Plan for premium taxis in Hong Kong ditched after lawmakers decide they don’t have the time

Ng Kang-chung

A plan to upgrade Hong Kong’s taxi services by introducing a new class of premium taxi has been ditched after lawmakers studying the bill voted to stop their work, citing a lack of time.

The government expressed “deep regret” over the committee’s decision and said it would weigh public views when deciding whether to reintroduce the plan to the legislature.

At Monday’s meeting, most members of the committee on the franchised taxi services bill agreed it would be impractical to expect them to finish studying the bill before the current legislative term ends next month, and voted 7-1 to dissolve their committee.

Committee chairman Tommy Cheung Yu-yan, of the Liberal Party, defended its slow progress. “Some of the scheduled meetings since the Lunar New Year had to be postponed because of the Covid-19 epidemic.”

It was only the second time since the 1997 handover that a Legislative Council bills committee ran out of time. On the previous occasion in 2000, the committee on a town planning bill was dismissed because it was unable to complete its work within the 1998-2000 term, despite meeting nine times.

Another committee has also considered stopping scrutiny on a bill banning the sale of electronic cigarettes. It is next expected to meet on Tuesday to decide its way forward.

The taxi bills committee was formed last June and had held four meetings since then.

The new law would have allowed some 600 premium taxis to be operated by three franchises, with services such as Wi-fi and phone-charging ports, and fares 50 per cent higher than that of a normal cab.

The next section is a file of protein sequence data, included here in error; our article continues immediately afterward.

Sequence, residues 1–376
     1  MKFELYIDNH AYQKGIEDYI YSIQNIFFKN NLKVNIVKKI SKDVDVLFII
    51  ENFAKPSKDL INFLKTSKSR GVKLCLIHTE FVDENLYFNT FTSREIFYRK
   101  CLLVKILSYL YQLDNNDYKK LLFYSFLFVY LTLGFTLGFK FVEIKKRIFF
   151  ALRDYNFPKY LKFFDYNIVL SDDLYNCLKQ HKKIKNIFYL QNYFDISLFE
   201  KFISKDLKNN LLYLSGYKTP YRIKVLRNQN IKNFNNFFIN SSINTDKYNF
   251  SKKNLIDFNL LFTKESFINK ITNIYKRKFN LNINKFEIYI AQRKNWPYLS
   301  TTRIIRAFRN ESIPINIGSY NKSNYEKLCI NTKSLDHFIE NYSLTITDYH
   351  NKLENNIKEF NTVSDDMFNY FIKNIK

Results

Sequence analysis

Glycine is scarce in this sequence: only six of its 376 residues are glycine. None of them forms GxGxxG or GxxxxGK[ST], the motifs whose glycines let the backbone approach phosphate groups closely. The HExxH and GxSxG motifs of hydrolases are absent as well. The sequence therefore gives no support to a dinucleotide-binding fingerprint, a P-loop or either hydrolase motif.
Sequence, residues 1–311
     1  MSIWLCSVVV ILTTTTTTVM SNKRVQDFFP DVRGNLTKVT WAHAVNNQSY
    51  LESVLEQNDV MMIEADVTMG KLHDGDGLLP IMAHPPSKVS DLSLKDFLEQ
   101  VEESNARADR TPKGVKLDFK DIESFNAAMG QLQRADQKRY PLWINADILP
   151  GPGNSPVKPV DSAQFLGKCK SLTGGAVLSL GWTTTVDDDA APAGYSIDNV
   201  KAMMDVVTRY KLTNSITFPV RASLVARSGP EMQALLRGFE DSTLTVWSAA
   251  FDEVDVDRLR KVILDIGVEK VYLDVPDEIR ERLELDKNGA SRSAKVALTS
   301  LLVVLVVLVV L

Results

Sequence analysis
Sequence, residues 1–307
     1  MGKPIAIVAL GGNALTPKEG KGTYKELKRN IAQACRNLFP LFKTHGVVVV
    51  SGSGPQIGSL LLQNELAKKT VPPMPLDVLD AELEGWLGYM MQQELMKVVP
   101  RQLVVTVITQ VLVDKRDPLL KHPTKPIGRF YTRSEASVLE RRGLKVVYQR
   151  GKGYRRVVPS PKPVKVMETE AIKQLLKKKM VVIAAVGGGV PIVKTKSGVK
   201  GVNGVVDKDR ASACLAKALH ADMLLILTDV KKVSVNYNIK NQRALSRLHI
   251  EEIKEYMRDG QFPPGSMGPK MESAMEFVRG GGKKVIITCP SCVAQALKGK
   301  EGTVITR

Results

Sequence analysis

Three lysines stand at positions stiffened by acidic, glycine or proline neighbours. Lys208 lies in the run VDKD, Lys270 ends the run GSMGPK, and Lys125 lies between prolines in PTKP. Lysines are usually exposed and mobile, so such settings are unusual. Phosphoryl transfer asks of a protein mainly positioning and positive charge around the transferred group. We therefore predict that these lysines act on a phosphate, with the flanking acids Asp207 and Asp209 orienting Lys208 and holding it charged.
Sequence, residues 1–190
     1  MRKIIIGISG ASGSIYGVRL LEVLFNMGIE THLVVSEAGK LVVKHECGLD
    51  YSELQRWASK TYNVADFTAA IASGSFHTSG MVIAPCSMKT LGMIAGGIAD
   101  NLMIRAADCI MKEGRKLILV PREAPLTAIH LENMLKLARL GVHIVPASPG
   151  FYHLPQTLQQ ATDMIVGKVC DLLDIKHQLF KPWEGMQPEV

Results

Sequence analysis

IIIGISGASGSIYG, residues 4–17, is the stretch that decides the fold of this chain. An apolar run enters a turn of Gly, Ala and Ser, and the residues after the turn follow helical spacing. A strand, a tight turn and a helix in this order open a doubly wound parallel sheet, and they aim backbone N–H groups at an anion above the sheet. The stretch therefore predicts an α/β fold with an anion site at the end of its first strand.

There was fierce opposition to the plan from some sections of the industry, with operators afraid it would affect the price of the licences they held, and result in a price war.

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As the bill has been dropped, the government would have to begin the legislative process all over again after September’s Legco elections if it still wanted the law to be passed.

“The franchised taxi proposal in the bill is the outcome of years of consultation with the trade and different stakeholders, which has struck a balance among various considerations,” the government said in a statement.

“The government still considers that the introduction of franchised taxis can meet the new demand in the community for personalised and point-to-point public transport services of higher quality with online hailing features.

“The government will take into account the views of the public and relevant circumstances when considering whether to reintroduce the bill into [the legislature] in the next Legco term.”

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